OLYMPIA, Wash. (AP) -- About two dozen seriously ill prisoners in Washington state could soon be released from prison -- as long as their freedom is expected to save the cash-strapped state money.
A new state law, which takes effect Saturday, expands a current program to release chronically or terminally ill prisoners. Death row inmates, or those serving life sentences without the possibility of parole, are not eligible for early release.
Washington is among more than 30 states that have some form of early release program for seriously ill prisoners, according to the National Conference of State Legislatures.
The move will save the Washington state Department of Corrections an estimated $800,000 over the next two years, mainly on things like prescription costs and transporting prisoners to off-prison medical treatment.
But the state Department of Social and Health Services estimates it could see significant increases in its budget if it has to place all of those released in state-paid nursing homes or provide additional mental health services -- offsetting any savings and possibly adding more costs to the already hampered state budget.
That frustrates some lawmakers like Rep. Bruce Dammeier, R-Puyallup. He voted in favor of the bill twice while it was moving through legislative committees, but ultimately voted against it on the House floor because of concerns over costs. The state had to make major cuts this year to patch a $9 billion budget deficit.
"I was prepared to speak out in support of this bill in our caucus room, and then as I reviewed the fiscal note again, it had changed," Dammeier said. "It's not clear-cut, it's not easy to define, and it's not going to clearly result in savings."
The number of prisoners who would actually be released is unknown. Also unclear is how many of those released would end up relying on social safety net programs.
Even the state corrections chief admits the program expansion is a work in progress.
"We continue to think this will save the state money, but we won't know that for sure until we're down the road," said Corrections Secretary Eldon Vail. "Will it in every case? That's the goal. You can't know until they leave the system."
Under the law signed by Democratic Gov. Chris Gregoire in May, the head of corrections can authorize early medical release only if certain conditions are met. The offender must have a serious medical condition that is expected "to require costly care or treatment." They must pose a low risk to the community because they are physically incapacitated or expected to be at the time of release. And the release must be expected to save the state money.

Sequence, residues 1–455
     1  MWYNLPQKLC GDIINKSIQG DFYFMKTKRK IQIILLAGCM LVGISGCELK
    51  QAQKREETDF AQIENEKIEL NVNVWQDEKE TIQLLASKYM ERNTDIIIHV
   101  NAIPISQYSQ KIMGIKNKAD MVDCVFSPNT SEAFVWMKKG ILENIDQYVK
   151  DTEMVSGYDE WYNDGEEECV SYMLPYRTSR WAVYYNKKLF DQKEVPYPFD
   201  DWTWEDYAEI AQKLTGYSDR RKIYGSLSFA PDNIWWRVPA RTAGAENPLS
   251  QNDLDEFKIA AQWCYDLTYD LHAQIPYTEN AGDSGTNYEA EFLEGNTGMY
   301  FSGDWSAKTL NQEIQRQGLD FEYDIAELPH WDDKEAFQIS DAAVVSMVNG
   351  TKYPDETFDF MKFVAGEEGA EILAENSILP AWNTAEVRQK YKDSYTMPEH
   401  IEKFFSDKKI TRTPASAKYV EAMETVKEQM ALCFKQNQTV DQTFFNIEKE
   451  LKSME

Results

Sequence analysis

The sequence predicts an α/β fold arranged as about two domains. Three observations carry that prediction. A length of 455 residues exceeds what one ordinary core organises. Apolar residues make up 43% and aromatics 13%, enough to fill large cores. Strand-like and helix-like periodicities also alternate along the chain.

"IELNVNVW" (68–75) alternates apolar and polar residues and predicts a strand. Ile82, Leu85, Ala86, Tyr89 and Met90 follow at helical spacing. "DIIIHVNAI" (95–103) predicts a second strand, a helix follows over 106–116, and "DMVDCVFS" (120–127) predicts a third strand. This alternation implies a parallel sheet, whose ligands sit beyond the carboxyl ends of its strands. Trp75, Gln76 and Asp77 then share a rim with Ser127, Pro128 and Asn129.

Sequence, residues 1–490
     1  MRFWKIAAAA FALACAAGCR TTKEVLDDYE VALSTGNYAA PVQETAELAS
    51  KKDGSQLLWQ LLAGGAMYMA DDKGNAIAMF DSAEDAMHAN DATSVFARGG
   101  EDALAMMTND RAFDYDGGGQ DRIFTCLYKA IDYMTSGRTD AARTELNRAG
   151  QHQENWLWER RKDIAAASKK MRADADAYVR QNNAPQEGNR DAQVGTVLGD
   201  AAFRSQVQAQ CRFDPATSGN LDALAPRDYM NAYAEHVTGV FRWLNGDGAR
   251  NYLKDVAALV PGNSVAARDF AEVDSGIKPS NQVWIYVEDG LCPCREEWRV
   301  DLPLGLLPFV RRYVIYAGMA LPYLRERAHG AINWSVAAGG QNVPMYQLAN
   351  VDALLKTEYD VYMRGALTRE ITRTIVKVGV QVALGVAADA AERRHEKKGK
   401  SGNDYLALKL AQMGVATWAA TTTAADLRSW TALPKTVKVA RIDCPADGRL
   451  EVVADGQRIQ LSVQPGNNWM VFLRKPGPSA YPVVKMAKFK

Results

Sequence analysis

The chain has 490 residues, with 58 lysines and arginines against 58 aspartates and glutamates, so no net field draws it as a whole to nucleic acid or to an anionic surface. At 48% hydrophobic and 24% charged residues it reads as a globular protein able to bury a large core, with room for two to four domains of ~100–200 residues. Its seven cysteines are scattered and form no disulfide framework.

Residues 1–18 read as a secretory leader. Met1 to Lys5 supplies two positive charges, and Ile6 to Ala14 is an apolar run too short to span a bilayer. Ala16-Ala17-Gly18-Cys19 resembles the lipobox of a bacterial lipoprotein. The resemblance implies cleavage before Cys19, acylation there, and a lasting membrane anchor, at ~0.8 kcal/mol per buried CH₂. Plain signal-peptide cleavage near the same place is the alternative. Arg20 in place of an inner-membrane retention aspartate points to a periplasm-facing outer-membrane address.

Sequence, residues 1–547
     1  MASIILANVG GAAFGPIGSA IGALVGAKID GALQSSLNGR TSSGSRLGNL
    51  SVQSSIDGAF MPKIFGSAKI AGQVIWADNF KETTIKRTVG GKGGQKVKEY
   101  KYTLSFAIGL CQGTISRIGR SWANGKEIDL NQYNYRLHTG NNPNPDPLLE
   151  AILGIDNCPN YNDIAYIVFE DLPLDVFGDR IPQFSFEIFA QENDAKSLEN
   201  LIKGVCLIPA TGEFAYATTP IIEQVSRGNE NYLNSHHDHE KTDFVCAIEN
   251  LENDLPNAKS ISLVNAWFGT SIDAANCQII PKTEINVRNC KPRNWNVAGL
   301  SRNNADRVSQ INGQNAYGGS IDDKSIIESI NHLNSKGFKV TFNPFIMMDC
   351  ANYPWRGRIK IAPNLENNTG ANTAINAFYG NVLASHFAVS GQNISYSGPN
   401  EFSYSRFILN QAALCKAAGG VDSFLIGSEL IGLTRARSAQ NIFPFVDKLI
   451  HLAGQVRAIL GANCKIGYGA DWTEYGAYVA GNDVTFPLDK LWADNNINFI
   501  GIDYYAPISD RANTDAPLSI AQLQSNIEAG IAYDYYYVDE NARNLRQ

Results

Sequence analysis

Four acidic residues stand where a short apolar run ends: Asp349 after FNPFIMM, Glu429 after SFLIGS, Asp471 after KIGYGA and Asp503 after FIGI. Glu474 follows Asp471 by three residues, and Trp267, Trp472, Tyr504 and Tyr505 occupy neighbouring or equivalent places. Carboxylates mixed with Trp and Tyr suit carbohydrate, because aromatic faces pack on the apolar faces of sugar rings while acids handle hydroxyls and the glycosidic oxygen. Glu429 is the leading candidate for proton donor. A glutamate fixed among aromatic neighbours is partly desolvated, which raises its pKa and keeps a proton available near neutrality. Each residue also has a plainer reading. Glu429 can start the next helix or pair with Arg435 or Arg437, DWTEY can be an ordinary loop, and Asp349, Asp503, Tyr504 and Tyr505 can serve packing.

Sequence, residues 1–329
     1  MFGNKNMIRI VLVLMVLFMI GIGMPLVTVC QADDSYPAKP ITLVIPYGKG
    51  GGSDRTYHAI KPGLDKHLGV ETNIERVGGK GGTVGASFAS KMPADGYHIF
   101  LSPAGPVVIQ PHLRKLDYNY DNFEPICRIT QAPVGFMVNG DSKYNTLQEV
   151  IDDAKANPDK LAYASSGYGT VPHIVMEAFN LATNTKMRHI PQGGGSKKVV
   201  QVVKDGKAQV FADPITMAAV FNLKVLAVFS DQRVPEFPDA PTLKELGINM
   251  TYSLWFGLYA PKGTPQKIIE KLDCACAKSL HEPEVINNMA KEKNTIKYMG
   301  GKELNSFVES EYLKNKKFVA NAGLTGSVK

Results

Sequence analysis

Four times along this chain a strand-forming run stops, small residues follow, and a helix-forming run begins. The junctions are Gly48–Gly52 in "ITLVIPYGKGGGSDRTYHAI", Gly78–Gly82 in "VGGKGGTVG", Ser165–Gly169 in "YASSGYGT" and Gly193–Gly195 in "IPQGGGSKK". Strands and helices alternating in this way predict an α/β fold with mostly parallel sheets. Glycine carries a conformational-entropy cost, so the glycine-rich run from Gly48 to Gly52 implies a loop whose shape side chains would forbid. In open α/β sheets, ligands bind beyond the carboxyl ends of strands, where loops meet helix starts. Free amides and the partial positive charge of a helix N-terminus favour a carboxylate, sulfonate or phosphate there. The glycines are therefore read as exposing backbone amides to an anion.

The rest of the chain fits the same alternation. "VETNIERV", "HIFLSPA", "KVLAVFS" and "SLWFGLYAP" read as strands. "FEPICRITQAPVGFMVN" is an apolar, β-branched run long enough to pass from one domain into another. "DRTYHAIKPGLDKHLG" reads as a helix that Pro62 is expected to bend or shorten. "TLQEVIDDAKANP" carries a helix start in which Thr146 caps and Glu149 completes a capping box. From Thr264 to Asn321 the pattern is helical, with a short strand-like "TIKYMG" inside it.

The department works to see if prisoners qualify for private or veteran's health coverage. Barring other options, they arrange for Medicaid, which is paid for partially by the state and partly with federal money.
Vail said some of the prisoners have such serious health problems that they are already in state nursing homes, with an armed guard paid to be with them. So under the program, not much changes except the lack of a guard, he said.
"The state is still paying for the hospital bed, but the state is no longer paying for the correctional officer to stand watch," Vail said.
The main change to the current early release program, which has been in place since 1999, is that it no longer requires the prisoner be incapacitated before being approved for release. Fifty-five offenders have been released since 1999 under the earlier program, and two more have been approved and are currently awaiting placement in the community.
Sherry Lynn Bradford, a 40-year-old prisoner at the Washington Corrections Center for Women near Gig Harbor, hopes that she will be one of the prisoners released under the new expanded law. Bradford, who has hepatitis C and has had two surgeries to address liver failure, was denied parole last year under the old program because she wasn't yet incapacitated.
She said that during her last surgery earlier this month, "my doctor didn't sugarcoat it."
"He said my liver is very sick and the only way I'm going to live is to get a new one," she said.
Bradford has been in and out of prison since 1997 on drug charges, with her most recent conviction in 2006 for possession of a controlled substance, with intent to manufacture or deliver cocaine. She is set to be released on probation in December. She said she hopes she can be out before then under medical parole in hopes that she can get on a transplant list sooner.
"I really can't do anything from behind bars," she said.
Her application hasn't yet been decided, and Vail said every request will be determined on a case-by-case basis.
"It's a balancing act between trying to make sure a person receives proper care in a way that is cost effective," he said. "It's not a black-and-white decision. It all depends on the individual."
The early medical parole bill is House Bill 2194.